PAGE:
Elizabeth McGee is promoted to CEO of Ruby Slipper group

The Applebee's veteran joined the two-concept brunch operation in November as COO.
Elizabeth McGee | Photo courtesy of Ruby Slipper Restaurant Group

Applebee’s veteran Elizabeth McGee has been promoted to CEO of Ruby Slipper Restaurant Group, a group of about 20 brunch restaurants operating under the names Ruby Slipper Cafe and Ruby Sunshine.

She joined the company in November as COO after serving as VP of operations for Dine Brands, the franchisor of Applebee’s and IHOP. Previously, she was COO, CFO and VP of human resources for Apple Gold, a large franchisee of Applebee’s.

“Elizabeth’s proven track record of building high performing teams and her operational expertise is the best in the industry, so it was a no-brainer to name her CEO,” Ruby Slipper Restaurant Group Chairman Jack Murphy said in a statement. “We are so blessed to have her passion for people and operations with the company and can’t wait to see what she has in store for Ruby Slipper and Ruby Sunshine.”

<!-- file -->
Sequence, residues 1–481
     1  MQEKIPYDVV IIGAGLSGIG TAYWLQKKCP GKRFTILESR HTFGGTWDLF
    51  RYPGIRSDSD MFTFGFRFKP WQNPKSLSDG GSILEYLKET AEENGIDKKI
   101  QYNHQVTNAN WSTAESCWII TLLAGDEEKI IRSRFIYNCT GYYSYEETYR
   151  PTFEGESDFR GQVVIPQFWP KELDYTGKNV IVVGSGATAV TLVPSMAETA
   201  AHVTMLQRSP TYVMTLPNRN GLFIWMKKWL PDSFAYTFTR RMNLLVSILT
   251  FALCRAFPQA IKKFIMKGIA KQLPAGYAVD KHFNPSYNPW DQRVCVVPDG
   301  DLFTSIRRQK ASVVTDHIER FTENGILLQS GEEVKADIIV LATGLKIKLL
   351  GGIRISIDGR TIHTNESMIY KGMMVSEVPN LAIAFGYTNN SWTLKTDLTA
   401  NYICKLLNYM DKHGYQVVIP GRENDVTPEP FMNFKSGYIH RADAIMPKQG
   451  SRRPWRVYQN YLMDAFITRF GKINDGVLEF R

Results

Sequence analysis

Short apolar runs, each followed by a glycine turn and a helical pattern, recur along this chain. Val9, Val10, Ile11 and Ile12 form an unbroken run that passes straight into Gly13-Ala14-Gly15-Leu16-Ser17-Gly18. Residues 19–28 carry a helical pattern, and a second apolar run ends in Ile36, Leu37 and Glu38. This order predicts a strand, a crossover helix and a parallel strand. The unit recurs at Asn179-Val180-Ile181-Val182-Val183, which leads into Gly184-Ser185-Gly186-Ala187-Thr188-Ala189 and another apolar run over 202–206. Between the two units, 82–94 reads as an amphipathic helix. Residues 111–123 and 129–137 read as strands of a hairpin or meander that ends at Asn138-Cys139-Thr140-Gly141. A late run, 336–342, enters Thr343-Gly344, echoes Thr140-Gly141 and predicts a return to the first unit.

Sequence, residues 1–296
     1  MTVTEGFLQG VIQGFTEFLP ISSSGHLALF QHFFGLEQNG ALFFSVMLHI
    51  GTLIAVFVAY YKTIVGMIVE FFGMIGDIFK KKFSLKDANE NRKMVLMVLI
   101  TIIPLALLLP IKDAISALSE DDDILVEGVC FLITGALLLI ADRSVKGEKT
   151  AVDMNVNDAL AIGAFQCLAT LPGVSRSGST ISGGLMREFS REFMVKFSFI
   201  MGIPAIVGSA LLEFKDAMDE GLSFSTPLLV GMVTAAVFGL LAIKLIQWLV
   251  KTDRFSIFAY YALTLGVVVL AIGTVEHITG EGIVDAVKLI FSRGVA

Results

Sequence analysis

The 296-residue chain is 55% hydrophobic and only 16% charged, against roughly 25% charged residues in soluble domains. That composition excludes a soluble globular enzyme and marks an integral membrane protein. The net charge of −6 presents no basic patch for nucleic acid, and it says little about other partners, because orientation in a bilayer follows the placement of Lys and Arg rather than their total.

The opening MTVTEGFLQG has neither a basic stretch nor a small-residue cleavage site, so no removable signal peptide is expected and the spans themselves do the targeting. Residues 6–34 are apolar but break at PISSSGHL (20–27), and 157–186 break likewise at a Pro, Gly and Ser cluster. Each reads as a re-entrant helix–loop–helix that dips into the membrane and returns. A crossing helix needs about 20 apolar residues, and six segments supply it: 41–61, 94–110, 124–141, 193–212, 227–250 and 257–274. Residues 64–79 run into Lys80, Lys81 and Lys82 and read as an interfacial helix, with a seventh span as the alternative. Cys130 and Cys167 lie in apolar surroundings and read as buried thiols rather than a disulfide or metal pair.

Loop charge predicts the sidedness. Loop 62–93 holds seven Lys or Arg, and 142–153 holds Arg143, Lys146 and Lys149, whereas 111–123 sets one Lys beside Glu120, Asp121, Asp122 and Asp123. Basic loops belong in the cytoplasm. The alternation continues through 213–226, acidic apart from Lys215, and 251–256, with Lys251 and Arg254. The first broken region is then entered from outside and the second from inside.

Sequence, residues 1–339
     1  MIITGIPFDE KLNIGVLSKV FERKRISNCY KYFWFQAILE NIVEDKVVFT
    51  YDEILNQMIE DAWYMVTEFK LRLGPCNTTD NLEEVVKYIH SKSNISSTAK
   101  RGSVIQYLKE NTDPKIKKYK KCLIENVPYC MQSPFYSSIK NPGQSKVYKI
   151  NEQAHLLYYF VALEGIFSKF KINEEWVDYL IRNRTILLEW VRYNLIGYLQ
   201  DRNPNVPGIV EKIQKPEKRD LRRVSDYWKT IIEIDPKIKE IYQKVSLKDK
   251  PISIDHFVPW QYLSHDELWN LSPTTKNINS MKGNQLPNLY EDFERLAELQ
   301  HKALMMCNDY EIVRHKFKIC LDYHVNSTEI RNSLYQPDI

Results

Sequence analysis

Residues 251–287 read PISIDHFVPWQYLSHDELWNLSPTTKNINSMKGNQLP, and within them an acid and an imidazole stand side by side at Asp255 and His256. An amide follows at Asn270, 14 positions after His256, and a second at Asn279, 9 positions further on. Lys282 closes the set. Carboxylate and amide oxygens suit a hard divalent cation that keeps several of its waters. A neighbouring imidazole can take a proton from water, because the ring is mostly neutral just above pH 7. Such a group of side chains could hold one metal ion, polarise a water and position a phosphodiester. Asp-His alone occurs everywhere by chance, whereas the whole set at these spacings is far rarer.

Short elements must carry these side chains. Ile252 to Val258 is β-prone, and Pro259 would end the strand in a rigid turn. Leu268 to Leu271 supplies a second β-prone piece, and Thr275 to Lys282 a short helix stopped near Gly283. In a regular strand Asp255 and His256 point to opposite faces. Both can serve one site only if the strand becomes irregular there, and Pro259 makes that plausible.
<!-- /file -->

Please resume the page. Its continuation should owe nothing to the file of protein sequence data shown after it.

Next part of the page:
“When I first joined Ruby Slipper last year, I immediately knew that this was a place where I wanted to stay,” McGee said in the statement.

She succeeds Peter Gaudreau, who left to pursue other opportunities, according to the restaurant group.

Ruby Slipper Restaurant Group’s two chains operate in six states. Both brands specialize in New Orleans-style brunches, with a high mix of alcoholic beverage sales.

Members help make our journalism possible. Become a Restaurant Business member today and unlock exclusive benefits, including unlimited access to all of our content. Sign up here.


Exclusive Content


Trend or fad? These restaurant currents could go either way

Reality Check: A number of ripples were evident in the business during the first half of the year. The question is, do they have staying power?


Starbucks' value offer is a bad idea

The Bottom Line: It’s not entirely clear that price is the reason Starbucks is losing traffic. If it isn’t, the company’s new value offer could backfire.


Struggling I Heart Mac and Cheese franchisees push back against their franchisor

Operators say most of them aren't making money and want a break on their royalties. But they also complain about receiving expired cheese from closed stores. "Don't send us moldy product."


More from our partners